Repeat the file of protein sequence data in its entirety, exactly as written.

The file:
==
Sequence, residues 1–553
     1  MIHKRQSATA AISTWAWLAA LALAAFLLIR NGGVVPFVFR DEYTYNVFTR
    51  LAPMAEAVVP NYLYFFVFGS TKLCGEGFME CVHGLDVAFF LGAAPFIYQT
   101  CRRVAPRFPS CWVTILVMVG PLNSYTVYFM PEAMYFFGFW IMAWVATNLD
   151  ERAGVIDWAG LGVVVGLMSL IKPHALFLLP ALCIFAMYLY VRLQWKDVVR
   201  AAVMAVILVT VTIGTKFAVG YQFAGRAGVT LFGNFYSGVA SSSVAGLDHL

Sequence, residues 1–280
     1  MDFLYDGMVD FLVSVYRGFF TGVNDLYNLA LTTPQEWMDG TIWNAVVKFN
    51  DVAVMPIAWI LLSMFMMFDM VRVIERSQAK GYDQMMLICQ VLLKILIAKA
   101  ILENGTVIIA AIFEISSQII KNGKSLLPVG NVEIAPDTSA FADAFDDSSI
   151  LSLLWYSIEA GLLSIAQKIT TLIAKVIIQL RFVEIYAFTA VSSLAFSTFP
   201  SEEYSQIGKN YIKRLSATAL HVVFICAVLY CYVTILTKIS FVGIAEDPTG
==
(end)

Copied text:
Sequence, residues 1–553
     1  MIHKRQSATA AISTWAWLAA LALAAFLLIR NGGVVPFVFR DEYTYNVFTR
    51  LAPMAEAVVP NYLYFFVFGS TKLCGEGFME CVHGLDVAFF LGAAPFIYQT
   101  CRRVAPRFPS CWVTILVMVG PLNSYTVYFM PEAMYFFGFW IMAWVATNLD
   151  ERAGVIDWAG LGVVVGLMSL IKPHALFLLP ALCIFAMYLY VRLQWKDVVR
   201  AAVMAVILVT VTIGTKFAVG YQFAGRAGVT LFGNFYSGVA SSSVAGLDHL

Sequence, residues 1–280
     1  MDFLYDGMVD FLVSVYRGFF TGVNDLYNLA LTTPQEWMDG TIWNAVVKFN
    51  DVAVMPIAWI LLSMFMMFDM VRVIERSQAK GYDQMMLICQ VLLKILIAKA
   101  ILENGTVIIA AIFEISSQII KNGKSLLPVG NVEIAPDTSA FADAFDDSSI
   151  LSLLWYSIEA GLLSIAQKIT TLIAKVIIQL RFVEIYAFTA VSSLAFSTFP
   201  SEEYSQIGKN YIKRLSATAL HVVFICAVLY CYVTILTKIS FVGIAEDPTG